Abstract: Environmental Justice and Professional Practice: A Survey of Social Workers in Three U.S. States (Society for Social Work and Research 28th Annual Conference - Recentering & Democratizing Knowledge: The Next 30 Years of Social Work Science)

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610P Environmental Justice and Professional Practice: A Survey of Social Workers in Three U.S. States

Sunday, January 14, 2024
Marquis BR Salon 6, ML 2 (Marriott Marquis Washington DC)
* noted as presenting author
Lisa Reyes Mason, PhD, MSW, Associate Professor, University of Denver, Denver, CO
Amy Krings, MSW, PhD, Associate Professor, Loyola University Chicago School of Social Work, Chicago, IL
Smitha Rao, PhD, Assistant Professor, Ohio State University, OH
Colleen Cummings Melton, MSW, PhD Student, University of Denver, CO
Sierra Wetmore, MSW, PhD Student, University of Denver, CO
Julia Santucci, BA, MSW Student, Loyola University, Chicago, IL
Background and Purpose. Environmental crises inflict ongoing and escalating challenges in the U.S., especially for marginalized or minoritized communities. Environmental injustice is thus a rapidly growing social justice challenge that social work is called to address. Social work education, and related educational research, in this area has recently increased. However, little is known about the nexus of environmental issues and injustice in social work practice. This comparative study across three U.S. states aims to understand whether and how environmental issues are showing up in social work practice, social work readiness to respond, and what social workers need to increase their effectiveness.

Methods. Data are from an online survey of social workers (N=336) in Colorado (n=124), Ohio (n=140), and Tennessee (n=72). States were chosen for variation in their natural environment, climate, and demographic and political characteristics. For sampling and recruitment, study authors compiled a list of social work associations and accredited social work programs in each state. Associations and programs were then asked by email to send a pre-written survey recruitment email to their members, alumni and/or field education liaisons. The survey consisted of 35 items and took approximately 15-20 minutes to complete. Participants were asked about their social work background, current job, how environmental issues may be showing up at work, other environmental and practice items, and demographics. Data were analyzed with descriptive and bivariate statistics.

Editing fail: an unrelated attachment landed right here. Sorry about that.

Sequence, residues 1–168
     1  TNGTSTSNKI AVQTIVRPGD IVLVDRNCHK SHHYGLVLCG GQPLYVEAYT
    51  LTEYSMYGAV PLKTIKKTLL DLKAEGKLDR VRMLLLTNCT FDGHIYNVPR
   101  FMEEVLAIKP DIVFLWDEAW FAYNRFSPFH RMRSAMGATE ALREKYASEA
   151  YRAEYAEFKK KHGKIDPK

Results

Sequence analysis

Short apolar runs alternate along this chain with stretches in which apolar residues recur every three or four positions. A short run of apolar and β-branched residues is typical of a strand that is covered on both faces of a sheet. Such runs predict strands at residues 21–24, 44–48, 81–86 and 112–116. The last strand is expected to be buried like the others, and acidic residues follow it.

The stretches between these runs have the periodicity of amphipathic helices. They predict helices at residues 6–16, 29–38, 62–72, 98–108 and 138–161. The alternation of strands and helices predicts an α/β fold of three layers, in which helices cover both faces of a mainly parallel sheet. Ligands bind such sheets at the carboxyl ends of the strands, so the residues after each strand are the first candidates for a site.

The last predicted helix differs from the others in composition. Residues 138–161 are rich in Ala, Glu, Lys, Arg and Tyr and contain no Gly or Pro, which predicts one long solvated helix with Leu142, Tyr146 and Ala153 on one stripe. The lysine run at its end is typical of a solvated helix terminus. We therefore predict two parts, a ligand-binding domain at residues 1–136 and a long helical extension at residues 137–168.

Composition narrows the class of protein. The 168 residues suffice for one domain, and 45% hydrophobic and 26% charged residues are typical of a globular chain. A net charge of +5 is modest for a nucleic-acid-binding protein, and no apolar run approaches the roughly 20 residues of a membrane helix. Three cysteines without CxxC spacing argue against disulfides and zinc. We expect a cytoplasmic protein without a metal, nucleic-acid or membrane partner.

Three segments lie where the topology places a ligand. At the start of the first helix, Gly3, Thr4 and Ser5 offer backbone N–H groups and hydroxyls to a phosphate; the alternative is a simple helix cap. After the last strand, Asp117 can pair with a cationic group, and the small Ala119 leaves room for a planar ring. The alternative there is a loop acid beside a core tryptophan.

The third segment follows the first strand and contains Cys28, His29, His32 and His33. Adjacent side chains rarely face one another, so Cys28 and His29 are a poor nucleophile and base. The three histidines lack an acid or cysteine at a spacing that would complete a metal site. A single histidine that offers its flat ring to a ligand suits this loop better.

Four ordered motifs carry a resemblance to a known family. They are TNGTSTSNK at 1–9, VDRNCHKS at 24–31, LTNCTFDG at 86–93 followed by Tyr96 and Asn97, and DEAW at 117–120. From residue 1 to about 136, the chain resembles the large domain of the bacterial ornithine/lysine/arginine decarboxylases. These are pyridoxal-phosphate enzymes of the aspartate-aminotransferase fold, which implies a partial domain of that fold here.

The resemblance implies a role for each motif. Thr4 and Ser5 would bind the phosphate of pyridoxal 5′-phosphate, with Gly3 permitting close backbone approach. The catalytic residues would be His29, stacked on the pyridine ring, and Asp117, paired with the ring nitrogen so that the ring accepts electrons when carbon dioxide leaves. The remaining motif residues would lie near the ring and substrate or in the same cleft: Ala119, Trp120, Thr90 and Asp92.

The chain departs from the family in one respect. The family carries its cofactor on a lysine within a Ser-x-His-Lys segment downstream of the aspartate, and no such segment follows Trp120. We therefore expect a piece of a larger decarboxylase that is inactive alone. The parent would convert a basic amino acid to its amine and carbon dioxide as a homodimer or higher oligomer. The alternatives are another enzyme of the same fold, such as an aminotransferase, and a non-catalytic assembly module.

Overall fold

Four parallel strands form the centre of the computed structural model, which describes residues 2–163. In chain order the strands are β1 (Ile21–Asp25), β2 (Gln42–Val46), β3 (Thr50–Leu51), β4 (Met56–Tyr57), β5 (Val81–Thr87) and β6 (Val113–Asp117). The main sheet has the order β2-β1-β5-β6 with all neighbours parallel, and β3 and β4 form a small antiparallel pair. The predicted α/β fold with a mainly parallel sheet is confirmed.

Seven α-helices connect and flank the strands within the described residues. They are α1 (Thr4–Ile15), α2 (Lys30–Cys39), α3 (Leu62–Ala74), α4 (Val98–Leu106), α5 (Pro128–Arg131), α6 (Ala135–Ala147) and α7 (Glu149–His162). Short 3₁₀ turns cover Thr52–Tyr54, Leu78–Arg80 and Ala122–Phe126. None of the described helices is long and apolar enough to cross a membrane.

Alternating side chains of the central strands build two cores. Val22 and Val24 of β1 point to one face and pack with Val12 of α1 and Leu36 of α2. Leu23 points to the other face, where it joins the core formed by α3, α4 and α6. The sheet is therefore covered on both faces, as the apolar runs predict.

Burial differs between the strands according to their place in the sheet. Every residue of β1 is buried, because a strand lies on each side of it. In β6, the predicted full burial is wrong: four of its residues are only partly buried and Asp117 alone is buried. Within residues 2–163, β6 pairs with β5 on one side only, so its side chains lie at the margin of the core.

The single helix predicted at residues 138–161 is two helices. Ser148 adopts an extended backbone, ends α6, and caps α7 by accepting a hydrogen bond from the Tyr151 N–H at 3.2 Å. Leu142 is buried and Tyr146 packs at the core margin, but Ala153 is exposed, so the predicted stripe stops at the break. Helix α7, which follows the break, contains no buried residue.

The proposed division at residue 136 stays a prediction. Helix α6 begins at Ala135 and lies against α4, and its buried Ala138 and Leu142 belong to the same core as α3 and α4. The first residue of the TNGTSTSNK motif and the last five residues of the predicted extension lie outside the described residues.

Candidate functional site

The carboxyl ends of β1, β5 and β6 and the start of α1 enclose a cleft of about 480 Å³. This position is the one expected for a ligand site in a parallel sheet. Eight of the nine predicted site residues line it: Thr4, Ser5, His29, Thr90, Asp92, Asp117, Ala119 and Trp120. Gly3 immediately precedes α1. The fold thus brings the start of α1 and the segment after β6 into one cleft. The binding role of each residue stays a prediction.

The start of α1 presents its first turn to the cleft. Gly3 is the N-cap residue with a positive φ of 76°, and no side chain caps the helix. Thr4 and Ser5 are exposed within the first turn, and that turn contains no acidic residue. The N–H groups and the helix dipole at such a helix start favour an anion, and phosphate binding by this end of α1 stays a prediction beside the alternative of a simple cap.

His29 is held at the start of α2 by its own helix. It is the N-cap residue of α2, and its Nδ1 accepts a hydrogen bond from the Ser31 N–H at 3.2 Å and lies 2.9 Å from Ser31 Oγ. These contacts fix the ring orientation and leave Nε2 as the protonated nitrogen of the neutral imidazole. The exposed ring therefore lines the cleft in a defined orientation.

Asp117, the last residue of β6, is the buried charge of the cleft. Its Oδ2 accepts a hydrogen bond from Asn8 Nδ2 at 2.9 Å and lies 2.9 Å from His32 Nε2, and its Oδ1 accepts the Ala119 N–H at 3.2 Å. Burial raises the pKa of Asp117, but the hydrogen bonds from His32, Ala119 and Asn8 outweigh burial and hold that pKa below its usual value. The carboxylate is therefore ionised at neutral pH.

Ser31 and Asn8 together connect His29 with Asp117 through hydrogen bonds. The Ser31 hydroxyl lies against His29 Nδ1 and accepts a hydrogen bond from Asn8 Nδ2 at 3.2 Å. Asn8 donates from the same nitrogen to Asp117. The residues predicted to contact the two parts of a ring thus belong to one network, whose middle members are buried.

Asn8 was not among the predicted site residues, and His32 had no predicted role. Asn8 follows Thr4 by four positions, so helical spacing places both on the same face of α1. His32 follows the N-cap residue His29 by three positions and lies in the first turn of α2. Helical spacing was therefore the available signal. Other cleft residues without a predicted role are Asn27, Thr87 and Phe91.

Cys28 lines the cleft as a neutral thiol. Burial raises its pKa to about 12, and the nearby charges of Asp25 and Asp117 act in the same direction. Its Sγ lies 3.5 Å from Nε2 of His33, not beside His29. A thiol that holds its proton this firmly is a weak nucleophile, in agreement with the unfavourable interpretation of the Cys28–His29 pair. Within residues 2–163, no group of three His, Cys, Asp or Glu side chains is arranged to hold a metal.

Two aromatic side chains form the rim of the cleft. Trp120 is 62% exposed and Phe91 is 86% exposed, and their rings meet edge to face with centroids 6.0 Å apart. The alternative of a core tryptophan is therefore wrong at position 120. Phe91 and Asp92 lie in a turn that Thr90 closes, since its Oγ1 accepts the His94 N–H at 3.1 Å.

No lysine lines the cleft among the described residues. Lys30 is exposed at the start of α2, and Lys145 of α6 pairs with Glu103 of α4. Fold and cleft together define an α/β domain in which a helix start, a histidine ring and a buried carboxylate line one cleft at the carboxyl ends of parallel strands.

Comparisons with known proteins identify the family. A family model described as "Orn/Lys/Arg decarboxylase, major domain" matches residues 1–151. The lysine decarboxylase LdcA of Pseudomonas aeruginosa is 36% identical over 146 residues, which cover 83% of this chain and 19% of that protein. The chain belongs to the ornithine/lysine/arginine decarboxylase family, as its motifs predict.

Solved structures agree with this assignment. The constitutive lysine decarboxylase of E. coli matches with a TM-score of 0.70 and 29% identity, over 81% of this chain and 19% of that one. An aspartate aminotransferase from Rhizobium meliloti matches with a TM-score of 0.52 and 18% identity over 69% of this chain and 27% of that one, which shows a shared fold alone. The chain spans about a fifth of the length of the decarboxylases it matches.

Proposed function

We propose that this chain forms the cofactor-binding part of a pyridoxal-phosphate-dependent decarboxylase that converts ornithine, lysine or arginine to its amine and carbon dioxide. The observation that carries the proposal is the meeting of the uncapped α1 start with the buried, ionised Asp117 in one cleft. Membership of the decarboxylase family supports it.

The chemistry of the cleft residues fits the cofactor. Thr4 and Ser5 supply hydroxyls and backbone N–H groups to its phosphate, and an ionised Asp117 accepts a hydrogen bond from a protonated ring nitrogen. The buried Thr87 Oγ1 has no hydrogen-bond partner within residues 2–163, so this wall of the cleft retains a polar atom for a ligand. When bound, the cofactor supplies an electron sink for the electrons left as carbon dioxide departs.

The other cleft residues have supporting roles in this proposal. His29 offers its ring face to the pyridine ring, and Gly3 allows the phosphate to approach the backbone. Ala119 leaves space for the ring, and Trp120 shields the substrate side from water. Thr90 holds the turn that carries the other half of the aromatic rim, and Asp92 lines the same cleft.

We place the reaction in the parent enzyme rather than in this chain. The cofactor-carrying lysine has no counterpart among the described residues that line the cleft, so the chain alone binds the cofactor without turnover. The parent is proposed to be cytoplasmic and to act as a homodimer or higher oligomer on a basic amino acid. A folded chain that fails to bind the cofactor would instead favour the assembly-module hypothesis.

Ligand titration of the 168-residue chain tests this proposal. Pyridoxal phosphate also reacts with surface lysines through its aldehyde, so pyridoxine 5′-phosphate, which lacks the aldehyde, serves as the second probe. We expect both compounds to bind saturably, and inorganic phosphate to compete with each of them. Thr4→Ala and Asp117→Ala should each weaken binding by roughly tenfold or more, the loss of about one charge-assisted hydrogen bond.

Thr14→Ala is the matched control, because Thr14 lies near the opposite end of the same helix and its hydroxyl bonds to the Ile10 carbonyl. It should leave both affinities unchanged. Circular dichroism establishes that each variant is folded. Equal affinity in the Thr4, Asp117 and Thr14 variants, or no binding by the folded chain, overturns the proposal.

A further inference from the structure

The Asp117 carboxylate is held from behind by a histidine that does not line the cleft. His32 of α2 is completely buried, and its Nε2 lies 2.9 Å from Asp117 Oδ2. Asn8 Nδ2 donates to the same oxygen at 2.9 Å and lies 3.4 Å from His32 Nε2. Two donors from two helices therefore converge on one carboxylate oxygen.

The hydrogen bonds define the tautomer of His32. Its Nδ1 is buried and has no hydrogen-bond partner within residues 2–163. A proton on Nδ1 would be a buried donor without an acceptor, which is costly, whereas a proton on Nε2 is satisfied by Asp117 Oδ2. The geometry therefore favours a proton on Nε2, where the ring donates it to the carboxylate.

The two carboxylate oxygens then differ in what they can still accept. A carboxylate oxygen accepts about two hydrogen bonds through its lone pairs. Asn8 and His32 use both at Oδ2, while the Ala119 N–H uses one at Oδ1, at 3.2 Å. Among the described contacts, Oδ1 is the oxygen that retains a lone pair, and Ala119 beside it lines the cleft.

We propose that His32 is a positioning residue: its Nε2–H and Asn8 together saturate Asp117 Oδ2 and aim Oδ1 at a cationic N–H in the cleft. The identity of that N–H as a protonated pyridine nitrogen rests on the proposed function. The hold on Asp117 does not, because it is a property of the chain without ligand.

Results. The typical participant was a cisgender woman (77.4%) in her mid-40s, post-MSW (91.4%), and with 14.7 years of social work experience. While 32.1% of participants were “not at all” or “a little” familiar with environmental justice, 96.7% thought it was “somewhat” or “very important” for social work to address. The most frequent environmental issues showing up “sometimes” or “often” in practice were poor access to local foods (74.6%); extreme cold, snow, or ice (59.3%); and extreme heat (44.7%). For these issues, respectively, 40.5%, 60.5%, and 71.4% of participants reported feeling “not at all” or “a little” prepared to respond. When asked what would help improve their ability to respond, participants indicated the most interest (“very interested”) in continuing education units (CEUs) on specific environmental justice issues (60.1%), templates for client or community education about specific environmental justice issues (51.2%), and guidance on how to help their organizations be more responsive to environmental justice (50.6%). No statistically significant differences (p < .05) were found by state.

Conclusions and Implications. Many environmental justice issues are presenting across micro, mezzo, and macro social work practice and are not limited to the practice of “environmental” or “eco-” social workers. While social workers in this study feel strongly about the profession addressing environmental injustice, many feel little prepared to respond when issues arise. National and state social work associations—in partnership with the growing number of social work scholars focused on environmental justice—can create and provide CEUs, templates, and other guidance for social workers to improve their practice. This guidance should be tailored to specific environmental justice issues or impacts, beyond providing general education about environmental justice.